Namibia: A leading model for conservation

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The country of Namibia is likely the biggest leader for wildlife conservation in Africa. This great success is thanks to a wide range of incentives for the conservation of wildlife by private citizens. Essentially, for wildlife to thrive it must have value. Many people think wildlife has intrinsic value, and I would agree with this. Simply knowing the animals are there and that I may be able to see them one day is enough for me. This, however, is a First World luxury. When you are starving and cannot afford to feed your family aesthetic values do not mean anything to you. Namibia’s conservation efforts have been extremely successful as they specifically address this issue in their wildlife management strategy.


Namibia was not always a wildlife paradise though. Before it gained independence in 1990 wildlife populations were at all time lows. Predators were seen as threats to cattle and thus were designated as vermin to be exterminated. Herbivores were seen as competition for grazing lands as well as sources of meat. During the military occupation of Namibia wildlife was illegally slaughtered by soldiers and locals for bush meat. Conservation was not a priority.

The bull

However, after Namibia gained its independence from South Africa conservation became a top priority. Namibians recognized the wildlife was part of their cultural heritage as well as an excellent source of income. Local communities could now apply to become conservancies and gain ownership of their wildlife. Communities saw opportunities to generate income from the wildlife rather than exterminate the animals to make room for their cattle. Wildlife has become one of the largest sectors of the Namibian economy through photo safaris, ecolodges, regulated hunting, and meat harvesting. Thanks to these economic incentives Namibia now has 79 conservancies covering over 16 million hectares. According to the World Wildlife Fund 44% of Namibia’s land area is devoted to conservation. The benefits of this new-found conservation mindedness in Namibia is evident. Predator populations are recovering, herbivores are found in excellent numbers, and poaching is relatively low.


To my shame I have not yet visited Namibia, but this is something I hope to remedy soon. This country is truly a gem of wildlife conservation due to its multi-faceted approach to wildlife management. Below are a few more links to information about Namibian conservation efforts.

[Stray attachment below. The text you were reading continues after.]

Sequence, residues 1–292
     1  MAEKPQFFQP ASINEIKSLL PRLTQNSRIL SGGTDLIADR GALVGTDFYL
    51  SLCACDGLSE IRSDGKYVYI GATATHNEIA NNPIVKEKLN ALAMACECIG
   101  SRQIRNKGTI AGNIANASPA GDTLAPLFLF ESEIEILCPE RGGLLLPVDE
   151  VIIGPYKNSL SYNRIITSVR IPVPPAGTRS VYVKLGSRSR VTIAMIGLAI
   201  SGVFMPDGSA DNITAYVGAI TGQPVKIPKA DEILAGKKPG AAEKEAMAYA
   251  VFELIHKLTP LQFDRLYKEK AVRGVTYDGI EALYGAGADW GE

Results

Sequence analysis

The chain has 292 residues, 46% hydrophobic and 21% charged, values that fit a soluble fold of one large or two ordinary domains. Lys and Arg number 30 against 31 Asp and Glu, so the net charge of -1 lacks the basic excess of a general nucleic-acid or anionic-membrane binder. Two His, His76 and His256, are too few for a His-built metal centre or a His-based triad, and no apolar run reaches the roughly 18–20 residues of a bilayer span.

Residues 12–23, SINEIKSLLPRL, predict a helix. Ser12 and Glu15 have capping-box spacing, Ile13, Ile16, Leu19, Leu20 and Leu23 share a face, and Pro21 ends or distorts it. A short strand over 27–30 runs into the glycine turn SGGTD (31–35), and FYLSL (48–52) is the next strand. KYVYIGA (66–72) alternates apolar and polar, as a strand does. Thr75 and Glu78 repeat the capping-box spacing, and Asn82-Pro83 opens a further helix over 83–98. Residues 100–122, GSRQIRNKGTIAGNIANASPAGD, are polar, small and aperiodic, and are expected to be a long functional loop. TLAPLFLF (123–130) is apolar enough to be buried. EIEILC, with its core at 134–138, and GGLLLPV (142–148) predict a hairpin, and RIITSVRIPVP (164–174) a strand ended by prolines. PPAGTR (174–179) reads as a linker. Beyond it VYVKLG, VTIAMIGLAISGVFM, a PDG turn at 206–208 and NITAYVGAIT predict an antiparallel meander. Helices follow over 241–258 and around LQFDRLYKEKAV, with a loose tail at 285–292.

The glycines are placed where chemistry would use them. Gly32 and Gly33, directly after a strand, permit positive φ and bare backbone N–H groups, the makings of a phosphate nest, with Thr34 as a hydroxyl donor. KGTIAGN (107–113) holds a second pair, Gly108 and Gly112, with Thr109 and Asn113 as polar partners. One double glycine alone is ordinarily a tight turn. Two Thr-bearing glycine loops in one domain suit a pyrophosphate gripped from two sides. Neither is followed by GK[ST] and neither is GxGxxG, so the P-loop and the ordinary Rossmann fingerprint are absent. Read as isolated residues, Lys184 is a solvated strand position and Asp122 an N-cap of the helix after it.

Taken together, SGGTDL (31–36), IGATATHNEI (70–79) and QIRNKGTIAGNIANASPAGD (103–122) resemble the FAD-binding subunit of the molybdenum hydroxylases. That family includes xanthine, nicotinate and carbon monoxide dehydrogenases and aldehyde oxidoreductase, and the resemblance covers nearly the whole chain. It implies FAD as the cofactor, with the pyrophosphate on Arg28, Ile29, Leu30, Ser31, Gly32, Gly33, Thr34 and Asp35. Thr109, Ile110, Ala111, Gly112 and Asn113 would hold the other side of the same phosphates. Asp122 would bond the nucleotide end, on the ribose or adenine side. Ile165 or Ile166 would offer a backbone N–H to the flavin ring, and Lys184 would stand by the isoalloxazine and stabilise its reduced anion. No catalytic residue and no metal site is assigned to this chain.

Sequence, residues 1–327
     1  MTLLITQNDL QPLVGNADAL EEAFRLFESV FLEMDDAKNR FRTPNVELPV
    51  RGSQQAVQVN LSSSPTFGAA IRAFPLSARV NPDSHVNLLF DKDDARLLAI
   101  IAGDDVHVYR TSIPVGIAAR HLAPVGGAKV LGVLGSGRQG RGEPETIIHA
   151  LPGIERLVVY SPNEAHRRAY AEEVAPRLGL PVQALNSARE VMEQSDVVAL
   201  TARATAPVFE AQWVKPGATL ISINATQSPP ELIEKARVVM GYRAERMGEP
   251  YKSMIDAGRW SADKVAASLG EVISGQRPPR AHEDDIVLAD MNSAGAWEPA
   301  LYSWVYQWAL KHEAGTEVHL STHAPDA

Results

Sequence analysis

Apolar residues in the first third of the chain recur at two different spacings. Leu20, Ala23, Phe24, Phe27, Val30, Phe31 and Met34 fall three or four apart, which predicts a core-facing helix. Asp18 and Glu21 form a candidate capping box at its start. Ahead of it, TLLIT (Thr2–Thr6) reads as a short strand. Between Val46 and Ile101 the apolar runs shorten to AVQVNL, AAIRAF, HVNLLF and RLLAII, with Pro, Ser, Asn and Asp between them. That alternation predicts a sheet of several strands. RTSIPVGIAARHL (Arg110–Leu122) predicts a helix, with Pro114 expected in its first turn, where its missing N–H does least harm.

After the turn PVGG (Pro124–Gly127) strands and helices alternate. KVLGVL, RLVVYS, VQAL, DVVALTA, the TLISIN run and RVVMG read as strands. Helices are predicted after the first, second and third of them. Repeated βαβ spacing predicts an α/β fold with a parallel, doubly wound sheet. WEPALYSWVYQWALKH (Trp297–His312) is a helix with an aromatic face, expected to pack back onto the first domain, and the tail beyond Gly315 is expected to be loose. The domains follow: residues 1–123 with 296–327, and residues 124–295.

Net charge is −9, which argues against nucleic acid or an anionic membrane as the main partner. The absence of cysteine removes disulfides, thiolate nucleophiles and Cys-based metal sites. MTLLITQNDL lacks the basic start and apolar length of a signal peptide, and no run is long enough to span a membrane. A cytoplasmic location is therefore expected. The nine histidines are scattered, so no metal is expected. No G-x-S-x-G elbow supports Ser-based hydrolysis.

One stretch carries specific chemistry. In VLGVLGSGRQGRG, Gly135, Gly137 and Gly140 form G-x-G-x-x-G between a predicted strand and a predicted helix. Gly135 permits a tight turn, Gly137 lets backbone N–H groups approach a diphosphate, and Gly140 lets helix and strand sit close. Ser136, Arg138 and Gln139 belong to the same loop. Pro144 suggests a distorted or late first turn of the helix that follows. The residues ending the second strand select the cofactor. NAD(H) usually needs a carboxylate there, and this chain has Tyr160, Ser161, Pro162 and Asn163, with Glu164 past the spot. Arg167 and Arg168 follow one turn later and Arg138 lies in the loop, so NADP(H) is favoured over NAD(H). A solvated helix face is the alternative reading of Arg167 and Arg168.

Namibia: A Model For Conservation | First For Wildlife.

Namibian Cheetah Conservation Success Story.



The Three Amigos: A win for conservation of three rare antelope species

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A victory for conservation was recently announced. On January 20 of this year President Obama signed into law the Omnibus Bill, which includes a provision to help prevent the extinction of three rare antelope species. The “Three Amigos” provision of the Omnibus Bill allows ranchers in Texas to manage their herds of addax, dama gazelle, and scimitar-horned oryx without federal intervention.

Scimitar-horned oryx

For those that have followed this blog for a while you may remember one of my first posts was about these three species. The link to which can be found at the bottom of this page. These three species virtually extinct in the wild, yet they are thriving here in the US on large hunting ranches in Texas. Unfortunately, as I predicted their numbers took a drastic hit over the last few years due to this ban. Most census data puts their populations at roughly half of what they were in 2010. This was thanks to the ban on hunting of these species in Texas. Essentially what happened was the ban removed the value from these animals. Several animal rights activists decided they would rather see the species completely extinct rather than survive on hunting ranches. When the animals no longer had value they were no longer cared for. These ranchers are businessmen and could not afford to waste time or money on an animal that would not help them make ends meet.

Dama gazelle

The good news is, value has been restored to the three species in question. The bill has just been signed, but hopefully we will start seeing the benefits soon as populations hopefully begin to increase here in the US. I for one would rather see these beautiful creatures continue to thrive, even if a few have to be hunted, than for them to be lost forever.